“You can’t just go around demanding other aberrants for a drink,” Nissa said, her eyes sparking. “You wouldn’t do that to any other aberrant, would you?”
“No, but… it’s Katie. You know?”
“No, I don’t know,” Nissa smiled, but her eyes remained deadly. Little flames of fire were sprouting from her fingertips. “Go find yourselves some little animals.”
“They’re too hard to catch,” Charlene whined, “and have you had a good look at this God-forsaken place? There’s nothing here.”
“Then take a train and deal with it elsewhere,” Gallant leant forward and turned Charlene around, “and take your little friends with you.”
The haemovores growled, looking between the different team members. I could see Charlene’s right eye starting to turn red.
“Go on, before you go red,” Nissa said, some of her flames leaping forward at the haemovores. They stumbled backward. “The other aberrants won’t forgive you if you go on a rampage here.”
“Fine,” Charlene snarled, stalking off toward the train line. The other haemovores shoved her so that she fell down and ran off without her.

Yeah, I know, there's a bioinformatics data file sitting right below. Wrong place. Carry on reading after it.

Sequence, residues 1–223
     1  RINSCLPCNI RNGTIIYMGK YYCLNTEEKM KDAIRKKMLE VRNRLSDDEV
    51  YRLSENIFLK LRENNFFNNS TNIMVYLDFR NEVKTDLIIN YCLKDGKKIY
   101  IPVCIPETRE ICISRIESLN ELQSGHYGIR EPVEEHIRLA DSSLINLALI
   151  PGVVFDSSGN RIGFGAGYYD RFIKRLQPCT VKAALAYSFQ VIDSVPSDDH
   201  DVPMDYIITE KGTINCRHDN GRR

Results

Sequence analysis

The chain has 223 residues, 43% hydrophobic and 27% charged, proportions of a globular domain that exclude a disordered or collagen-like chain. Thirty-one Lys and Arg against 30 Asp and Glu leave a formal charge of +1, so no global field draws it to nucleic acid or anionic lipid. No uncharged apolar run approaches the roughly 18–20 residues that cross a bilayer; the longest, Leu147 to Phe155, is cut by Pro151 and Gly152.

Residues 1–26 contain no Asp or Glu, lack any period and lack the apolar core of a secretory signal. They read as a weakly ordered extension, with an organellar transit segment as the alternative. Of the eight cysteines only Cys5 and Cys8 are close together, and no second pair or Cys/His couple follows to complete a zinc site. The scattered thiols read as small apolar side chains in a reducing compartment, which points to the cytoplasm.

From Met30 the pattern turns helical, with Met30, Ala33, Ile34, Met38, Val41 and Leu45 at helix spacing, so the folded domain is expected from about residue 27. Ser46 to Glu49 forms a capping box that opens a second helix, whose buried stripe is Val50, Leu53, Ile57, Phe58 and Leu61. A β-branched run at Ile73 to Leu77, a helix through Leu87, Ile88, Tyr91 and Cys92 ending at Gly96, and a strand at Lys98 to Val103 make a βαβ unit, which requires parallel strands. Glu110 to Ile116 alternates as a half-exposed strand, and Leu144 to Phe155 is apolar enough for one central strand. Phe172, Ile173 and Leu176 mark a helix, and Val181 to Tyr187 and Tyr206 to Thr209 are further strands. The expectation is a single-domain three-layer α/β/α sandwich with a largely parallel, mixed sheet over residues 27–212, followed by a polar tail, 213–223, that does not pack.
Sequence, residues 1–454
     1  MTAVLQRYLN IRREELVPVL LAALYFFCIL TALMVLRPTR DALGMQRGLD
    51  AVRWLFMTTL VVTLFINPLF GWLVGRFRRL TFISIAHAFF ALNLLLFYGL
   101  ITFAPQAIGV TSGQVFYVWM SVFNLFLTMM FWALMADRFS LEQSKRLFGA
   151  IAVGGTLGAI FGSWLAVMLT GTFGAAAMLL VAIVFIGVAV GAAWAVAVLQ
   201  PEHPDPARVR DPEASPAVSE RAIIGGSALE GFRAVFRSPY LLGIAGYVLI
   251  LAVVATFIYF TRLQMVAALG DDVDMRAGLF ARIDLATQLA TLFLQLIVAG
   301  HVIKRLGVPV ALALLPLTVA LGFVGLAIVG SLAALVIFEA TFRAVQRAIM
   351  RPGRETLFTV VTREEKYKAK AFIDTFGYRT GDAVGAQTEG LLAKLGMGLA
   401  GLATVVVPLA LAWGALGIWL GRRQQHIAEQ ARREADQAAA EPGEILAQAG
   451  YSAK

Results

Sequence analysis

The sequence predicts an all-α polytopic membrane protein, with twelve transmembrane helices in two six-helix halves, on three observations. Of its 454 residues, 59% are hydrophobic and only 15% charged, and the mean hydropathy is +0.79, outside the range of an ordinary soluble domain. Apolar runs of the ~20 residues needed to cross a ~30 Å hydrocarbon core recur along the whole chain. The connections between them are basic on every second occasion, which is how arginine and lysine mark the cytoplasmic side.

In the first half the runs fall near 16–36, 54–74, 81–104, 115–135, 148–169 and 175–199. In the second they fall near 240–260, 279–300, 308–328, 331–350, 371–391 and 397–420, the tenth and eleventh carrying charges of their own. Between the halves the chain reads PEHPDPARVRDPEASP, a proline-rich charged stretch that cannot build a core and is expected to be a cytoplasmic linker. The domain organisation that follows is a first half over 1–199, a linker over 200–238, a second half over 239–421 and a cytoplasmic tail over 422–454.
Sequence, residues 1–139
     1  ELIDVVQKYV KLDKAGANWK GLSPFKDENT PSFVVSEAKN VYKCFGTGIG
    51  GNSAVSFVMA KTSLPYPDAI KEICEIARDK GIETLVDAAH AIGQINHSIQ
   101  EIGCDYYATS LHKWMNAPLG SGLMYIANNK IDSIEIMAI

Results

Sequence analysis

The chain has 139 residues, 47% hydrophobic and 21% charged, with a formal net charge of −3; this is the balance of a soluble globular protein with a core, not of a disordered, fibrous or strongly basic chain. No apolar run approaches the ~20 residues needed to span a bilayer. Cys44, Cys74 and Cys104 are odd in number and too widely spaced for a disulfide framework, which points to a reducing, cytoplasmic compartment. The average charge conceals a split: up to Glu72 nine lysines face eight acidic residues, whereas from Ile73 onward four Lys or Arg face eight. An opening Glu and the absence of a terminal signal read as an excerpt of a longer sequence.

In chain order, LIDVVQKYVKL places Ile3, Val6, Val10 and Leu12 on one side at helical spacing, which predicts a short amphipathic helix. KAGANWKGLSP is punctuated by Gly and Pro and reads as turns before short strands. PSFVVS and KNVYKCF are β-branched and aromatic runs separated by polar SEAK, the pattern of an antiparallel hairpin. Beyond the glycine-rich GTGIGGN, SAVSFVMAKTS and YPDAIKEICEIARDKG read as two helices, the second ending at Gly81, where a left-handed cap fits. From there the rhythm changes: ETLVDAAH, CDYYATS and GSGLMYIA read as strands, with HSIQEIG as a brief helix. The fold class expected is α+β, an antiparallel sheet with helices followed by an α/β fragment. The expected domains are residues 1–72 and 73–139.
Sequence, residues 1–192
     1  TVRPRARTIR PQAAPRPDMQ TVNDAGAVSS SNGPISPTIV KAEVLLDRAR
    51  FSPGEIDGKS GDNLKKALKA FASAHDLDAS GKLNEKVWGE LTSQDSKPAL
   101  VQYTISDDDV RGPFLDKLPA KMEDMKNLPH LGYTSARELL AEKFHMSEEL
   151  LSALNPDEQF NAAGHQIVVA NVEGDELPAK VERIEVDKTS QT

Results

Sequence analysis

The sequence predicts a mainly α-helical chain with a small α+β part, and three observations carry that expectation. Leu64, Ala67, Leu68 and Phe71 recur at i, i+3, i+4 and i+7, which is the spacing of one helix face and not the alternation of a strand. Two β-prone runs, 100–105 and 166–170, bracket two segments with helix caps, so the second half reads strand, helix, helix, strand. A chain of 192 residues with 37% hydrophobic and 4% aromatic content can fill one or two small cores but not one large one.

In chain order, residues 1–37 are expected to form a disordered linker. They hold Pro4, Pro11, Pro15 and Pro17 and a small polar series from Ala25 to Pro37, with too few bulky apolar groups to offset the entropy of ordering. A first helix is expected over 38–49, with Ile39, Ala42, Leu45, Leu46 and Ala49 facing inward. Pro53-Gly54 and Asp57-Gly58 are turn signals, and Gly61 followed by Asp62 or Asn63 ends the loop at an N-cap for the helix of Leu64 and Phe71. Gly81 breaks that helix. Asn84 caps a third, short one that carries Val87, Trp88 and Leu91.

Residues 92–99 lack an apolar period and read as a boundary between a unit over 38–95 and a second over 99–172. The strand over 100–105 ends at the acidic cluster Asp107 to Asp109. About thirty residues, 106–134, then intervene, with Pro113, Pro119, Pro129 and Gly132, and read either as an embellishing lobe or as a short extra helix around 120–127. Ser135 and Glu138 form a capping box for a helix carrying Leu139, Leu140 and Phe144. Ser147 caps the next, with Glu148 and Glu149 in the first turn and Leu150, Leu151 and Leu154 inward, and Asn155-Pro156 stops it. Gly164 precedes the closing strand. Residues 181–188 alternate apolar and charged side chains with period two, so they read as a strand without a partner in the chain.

“She was my cell mate,” I told Santos.
“Thank you all for standing up for me.”
“Chicklet,” said Lavendar, “being trapped with her must have been hell.”
“You guys weren’t locked up?”
“No, we ran away when we saw that we’d lost the war. The other aberrants were starting to turn on us, saying it was our fault that we lost. It’s like why Luke went into hiding. Aberrants kept picking fights with us.”
“At least you can fight back,” I said with a sigh.
“Nissa,” Santos saw that Nissa was losing control of her flames and that the wind was picking up around us again, “go take a walk. You too Lavendar. Gallant, you still fine?”
“I need to smash something.”
“Go,” Santos winced when the others walked off.
“You all right, sir?”
“For now,” Santos said. “I don’t think any of us took Luke seriously when he told us that you’d have this effect on us. We’ve never had an aberrant make us feel this way.”
“Why did you really run away from the war?”
“Where were you during the war?” Santos asked, gesturing that we keep walking to the other side of town where most of the fallen down sheds were located.
“I was in the castle, in school. I was considered one of the more ‘troublesome’ children, because wherever I went to help out, people kept turning on me. After the outer wall was breached,” I swallowed, remembering again how the wall had exploded without warning and I had seen the figures of my parents who had been helping stretcher the wounded away become buried in the falling stones. “After the outer wall was breached,” I repeated, “Mrs O’Callough locked me away with Charlene ‘for our own safety’. The normals looked in on us, but they left us there, thinking we’d die of starvation.”